A stellar cast makes The King of Thieves by far the best and most poignant cinema version of the Hatton Garden heist

The Hatton Garden heist in 2015 has already been repeatedly dramatized, but this is by far the best, and most poignant, with a stellar cast of British heavyweight actors who, much like the characters they play, are having one last hurrah robbing a bank, running from the law, and being thoroughly nasty to each other. King of Thieves is neither a thrilling heist movie, or a jolly Ealing-style romp, but rather an affecting character study of old blokes looking for a purpose.

Michael Caine and his starry supporting cast must have had a marvellous time unshackled from the charming old men roles they have been consigned to of late. Jim Broadbent is particularly unpleasant, while Tom Courtenay is, when not falling asleep on the job, the most unctuous of weasels. All of them commit to an authentic telling of an unglamorous, bungled smash and grab that was doomed from the start.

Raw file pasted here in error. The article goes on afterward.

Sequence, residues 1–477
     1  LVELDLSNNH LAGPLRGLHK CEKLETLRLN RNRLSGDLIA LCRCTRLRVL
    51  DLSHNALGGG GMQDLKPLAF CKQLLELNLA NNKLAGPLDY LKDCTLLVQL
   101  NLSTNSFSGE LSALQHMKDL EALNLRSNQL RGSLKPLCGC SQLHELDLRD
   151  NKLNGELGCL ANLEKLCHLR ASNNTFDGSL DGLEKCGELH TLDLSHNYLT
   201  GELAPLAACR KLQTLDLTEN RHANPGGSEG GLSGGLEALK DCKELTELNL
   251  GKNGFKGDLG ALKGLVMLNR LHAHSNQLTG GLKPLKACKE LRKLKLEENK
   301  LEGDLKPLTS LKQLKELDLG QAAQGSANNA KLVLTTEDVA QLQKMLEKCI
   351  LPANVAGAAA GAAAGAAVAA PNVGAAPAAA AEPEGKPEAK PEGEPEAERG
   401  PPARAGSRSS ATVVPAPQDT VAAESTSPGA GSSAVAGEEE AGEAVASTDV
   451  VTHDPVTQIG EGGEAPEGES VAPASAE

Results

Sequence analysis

James Marsh’s direction is workmanlike, rather than showy, but that’s what needed in a film about the banality of crime. Refreshingly unsentimental, its abiding message is that brutish, stupid men turn into brutish, stupid old men, not delightful old codgers. We would do well to remember that.

By David Vass